Valet - Naked Acid
Dan Round 28/02/2008
“Naked Acid” is the second mini-album by Portland's Honey Owens, aka Valet. Not a record to be judged quickly, and certainly not one to throw some shapes to, “Naked Acid” is a slow-burning chill out. Delicate and ethereal, the album features plenty of intense soundscapes and odd textures.
Starting as most of the seven songs do, with a lengthy and subtle introduction, opener “We went there” finally gets going with a ghost-like twin vocal and squeaky instruments. The following “Drum Maine” however really sets the scene with brooding bass and darkly whispering voices, clocking in at 7 minutes 30 seconds. “Kehaar”, with its sequenced riff is the most memorable (surely not instant!?) track and Owens' elegant vocal drifts along passively. Subsequent tracks repeat the by now well established formulae; “Fuck it” boasts distorted and glitchy background noises which complement the smooth guitars and vocals, while “Babylon 4 eva” and the frantic beating of “Streets” continue in a similar vain. The penultimate “Fire”, however, is somewhat of a revelation - relying less upon electronics, Owens' vocal is liberated. Accompanied throughout the song by a plucked guitar alone, Owen sounds freer and more natural. She never soars, allowing the calm to continue, while the instrumental simplicity is matched only by lyrical simplicity - “fire keeps me real warm” Owen states subdued.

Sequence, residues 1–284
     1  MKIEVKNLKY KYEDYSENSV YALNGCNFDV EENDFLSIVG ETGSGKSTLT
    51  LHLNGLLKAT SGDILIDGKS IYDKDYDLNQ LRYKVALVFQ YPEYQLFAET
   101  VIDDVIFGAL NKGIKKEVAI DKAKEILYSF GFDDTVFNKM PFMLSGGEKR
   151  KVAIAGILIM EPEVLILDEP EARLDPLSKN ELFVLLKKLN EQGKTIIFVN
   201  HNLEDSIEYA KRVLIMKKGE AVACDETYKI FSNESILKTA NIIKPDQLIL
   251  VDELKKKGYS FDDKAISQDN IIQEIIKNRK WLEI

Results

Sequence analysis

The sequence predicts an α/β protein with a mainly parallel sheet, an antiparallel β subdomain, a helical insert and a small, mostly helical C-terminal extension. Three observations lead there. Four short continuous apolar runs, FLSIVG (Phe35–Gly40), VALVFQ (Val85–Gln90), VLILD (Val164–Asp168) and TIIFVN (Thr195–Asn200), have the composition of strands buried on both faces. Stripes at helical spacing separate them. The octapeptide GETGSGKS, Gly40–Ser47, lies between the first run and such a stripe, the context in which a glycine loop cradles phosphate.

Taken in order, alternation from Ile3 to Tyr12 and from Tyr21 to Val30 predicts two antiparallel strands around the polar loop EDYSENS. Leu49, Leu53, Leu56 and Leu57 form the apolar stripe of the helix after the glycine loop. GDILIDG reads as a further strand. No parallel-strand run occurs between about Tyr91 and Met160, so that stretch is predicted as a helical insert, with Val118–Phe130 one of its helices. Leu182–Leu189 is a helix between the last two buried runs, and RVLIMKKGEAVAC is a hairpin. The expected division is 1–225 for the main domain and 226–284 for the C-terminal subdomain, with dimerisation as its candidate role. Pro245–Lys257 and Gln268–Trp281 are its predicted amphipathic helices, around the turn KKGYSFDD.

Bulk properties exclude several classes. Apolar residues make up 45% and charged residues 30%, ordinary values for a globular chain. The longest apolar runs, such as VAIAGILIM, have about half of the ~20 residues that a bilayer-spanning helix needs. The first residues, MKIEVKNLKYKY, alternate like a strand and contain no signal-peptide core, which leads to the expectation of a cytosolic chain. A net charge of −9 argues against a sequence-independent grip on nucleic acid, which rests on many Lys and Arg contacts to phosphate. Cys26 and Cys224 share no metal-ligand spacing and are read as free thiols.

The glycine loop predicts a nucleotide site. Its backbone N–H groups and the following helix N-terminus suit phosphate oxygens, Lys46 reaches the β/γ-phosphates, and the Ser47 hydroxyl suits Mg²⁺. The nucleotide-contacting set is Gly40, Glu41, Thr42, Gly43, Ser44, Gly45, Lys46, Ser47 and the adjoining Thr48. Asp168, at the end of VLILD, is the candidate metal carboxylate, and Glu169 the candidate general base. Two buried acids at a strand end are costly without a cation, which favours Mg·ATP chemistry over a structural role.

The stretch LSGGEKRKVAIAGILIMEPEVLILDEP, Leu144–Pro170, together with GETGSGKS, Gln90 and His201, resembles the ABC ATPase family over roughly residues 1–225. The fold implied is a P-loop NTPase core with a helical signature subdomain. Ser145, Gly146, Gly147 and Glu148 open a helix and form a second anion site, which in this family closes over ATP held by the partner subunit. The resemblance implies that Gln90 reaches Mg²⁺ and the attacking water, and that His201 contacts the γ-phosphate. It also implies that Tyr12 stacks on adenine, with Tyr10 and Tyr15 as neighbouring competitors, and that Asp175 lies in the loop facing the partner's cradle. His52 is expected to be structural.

“Naked Acid” is at times temperamental, perhaps too busy and layered, with a couple of songs being taken hostage by overly keen electronics and effects. However, Valet triumphs in fitting together beats, bleeps, noises and towering harmony in a unique manner. As a piece of ambient cool, “Naked Acid” is a success.